|HCC Site ID:||1563||Parish:||Owslebury|
|Designations:||Hall LB I, SINC, SMR||Area:|
|Access:||Public Access to Zoo only||Ownership:||Marwell Zoological Park|
Location and Site
The Zoological Park lies just north of the B2177 to Bishop’s Waltham to the east of Colden Common. It is situated on the lower slopes of farmland that rises to the village of Owlesbury in the north.
Marwell Hall is an ancient estate first recorded in a Domesday reference and owned by the Church and Corpus Christi College, Oxford, till the Reformation. A 14th century house built by Walter Woodcock was probably re-built in the early 16th century by the Seymour family. Henry VIII is reputed to have visited Jane Seymour here. It was later owned by the Brett and Dacre families. In 1798, the Long family took ownership and extensive alterations were made after 1815 by Mr William Long in Tudor style, incorporating parts of the old house. They also planted what is now a huge cedar; the Hall then stood in about 7 acres of well-wooded grounds. The medieval timber-framed base cruck hall remians. In 1841 it was owned by John Gully and from 1867-1933, by the Standish family. During World War II Mr and Mrs Hayes lived there and the grounds were used as an airfield for fighter aircraft.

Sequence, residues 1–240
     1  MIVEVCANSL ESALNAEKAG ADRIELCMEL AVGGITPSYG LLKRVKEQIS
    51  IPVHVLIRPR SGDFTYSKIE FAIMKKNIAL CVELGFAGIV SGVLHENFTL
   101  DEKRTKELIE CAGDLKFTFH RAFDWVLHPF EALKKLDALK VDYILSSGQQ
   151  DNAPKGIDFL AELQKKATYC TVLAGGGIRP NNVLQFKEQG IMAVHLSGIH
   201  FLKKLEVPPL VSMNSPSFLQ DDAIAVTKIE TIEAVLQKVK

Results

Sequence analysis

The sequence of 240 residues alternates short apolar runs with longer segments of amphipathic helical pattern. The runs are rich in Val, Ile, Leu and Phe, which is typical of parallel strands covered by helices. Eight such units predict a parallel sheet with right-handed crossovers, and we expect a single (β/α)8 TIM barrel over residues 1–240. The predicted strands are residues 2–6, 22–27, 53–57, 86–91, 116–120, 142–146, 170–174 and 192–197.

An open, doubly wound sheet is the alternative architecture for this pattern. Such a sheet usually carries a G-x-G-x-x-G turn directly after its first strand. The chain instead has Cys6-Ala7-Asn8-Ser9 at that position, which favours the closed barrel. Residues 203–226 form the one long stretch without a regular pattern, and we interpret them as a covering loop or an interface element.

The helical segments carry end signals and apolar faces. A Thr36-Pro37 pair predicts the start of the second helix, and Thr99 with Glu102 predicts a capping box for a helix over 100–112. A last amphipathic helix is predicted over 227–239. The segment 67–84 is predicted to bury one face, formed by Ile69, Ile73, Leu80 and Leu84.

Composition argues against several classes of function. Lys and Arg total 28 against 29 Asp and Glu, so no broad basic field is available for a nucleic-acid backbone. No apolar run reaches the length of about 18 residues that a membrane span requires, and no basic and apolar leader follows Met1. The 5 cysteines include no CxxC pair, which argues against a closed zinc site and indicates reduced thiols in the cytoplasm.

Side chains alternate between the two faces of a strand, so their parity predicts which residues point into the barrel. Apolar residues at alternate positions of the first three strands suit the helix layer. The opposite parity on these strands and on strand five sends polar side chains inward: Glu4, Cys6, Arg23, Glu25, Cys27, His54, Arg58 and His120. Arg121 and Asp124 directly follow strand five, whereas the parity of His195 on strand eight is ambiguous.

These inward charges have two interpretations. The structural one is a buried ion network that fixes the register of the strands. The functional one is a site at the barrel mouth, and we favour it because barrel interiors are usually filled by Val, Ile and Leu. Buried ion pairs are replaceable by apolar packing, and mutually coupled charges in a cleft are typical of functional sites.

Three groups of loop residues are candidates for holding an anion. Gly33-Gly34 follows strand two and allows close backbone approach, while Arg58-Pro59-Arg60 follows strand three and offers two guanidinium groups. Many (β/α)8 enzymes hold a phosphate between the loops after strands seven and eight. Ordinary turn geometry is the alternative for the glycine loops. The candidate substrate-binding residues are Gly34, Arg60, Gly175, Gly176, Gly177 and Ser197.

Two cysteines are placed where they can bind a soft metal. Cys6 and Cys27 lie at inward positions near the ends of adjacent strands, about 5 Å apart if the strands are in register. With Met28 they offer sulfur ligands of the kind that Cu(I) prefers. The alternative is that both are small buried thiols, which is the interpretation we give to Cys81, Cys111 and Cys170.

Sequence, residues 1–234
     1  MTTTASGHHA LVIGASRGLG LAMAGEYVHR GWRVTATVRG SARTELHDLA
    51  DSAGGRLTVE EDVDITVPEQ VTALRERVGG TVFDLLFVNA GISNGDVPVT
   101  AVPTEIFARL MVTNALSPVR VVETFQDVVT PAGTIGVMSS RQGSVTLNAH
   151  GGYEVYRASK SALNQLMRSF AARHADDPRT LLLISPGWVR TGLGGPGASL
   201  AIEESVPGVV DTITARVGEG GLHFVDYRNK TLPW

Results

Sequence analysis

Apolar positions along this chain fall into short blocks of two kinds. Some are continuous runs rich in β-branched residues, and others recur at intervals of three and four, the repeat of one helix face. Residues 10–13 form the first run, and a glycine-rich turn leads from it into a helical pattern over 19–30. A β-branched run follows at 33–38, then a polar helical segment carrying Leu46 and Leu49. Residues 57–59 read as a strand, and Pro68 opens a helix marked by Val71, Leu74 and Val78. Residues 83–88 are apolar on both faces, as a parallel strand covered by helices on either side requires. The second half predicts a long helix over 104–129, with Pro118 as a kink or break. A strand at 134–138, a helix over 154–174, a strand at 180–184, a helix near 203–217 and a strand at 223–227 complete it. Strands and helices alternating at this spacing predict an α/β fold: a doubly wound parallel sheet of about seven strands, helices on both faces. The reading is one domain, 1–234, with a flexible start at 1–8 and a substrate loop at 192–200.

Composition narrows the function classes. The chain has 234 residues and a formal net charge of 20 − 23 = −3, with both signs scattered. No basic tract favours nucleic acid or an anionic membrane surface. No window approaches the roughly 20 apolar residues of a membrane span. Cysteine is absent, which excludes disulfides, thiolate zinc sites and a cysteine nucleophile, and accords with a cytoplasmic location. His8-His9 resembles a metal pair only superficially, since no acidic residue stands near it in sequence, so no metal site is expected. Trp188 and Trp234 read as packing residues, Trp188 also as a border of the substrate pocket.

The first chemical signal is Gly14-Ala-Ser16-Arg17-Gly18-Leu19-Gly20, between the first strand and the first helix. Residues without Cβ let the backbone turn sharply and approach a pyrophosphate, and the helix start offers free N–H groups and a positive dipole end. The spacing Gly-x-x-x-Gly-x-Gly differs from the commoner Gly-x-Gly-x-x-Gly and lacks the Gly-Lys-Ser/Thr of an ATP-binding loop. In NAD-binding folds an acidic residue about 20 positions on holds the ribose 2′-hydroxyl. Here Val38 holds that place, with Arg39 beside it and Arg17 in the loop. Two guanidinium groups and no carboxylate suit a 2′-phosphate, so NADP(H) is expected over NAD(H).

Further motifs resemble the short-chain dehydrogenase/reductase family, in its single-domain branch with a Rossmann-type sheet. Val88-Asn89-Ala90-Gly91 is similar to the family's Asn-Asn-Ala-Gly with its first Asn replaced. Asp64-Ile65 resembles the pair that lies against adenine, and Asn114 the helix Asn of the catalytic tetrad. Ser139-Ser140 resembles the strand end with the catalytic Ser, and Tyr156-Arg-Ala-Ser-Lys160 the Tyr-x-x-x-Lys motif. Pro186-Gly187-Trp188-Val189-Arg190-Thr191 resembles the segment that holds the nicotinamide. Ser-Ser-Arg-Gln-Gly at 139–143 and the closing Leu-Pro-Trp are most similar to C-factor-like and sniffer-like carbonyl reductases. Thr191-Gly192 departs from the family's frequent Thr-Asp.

In 1969 the Hall and the enlarged park of 417 acres of land were sold to John Knowles, who opened a zoo in 1972. He made the Hall his home until 1980 when it became the offices for Marwell Zoological Park.
The garden immediately around the house is mainly on the east front. To the north are terraced lawns with cedar trees and a long north wall with a central summerhouse built into it and a wide border along it. Beyond it were sheltering plantations, an orchard and shady woodland walks and an ancient Yew Walk to Whaddon Lane.
To the south were extensive outbuildings, including a brick well-house, stables, a coach house and garages and a walled kitchen garden with a variety of espalier and wall fruit trees and glasshouses.
Now aslo known as Marwell Wildlife, Marwell is world-famous as an ecological centre and has become a major tourist attraction. There are many new buildings on the site and a new entrance with car parks. The Hall is an hotel.
Marwell Wildlife has amongst its other attractions areas representing the habitat of Africa and a tropical Madagascan habitat within the flint-walled kitchen garden.
The whole now stands in 100 acres.
Originally a deer park, a Medieval Hall re-built by William Long after 1815, incorporating part of the older house with ardens immediately around the house with the main part on the E front. Park became a zoo in 1972, now extended to 100 acres and world-renowned ecological centre. Hall is now a hotel.
HGT Research: July 2002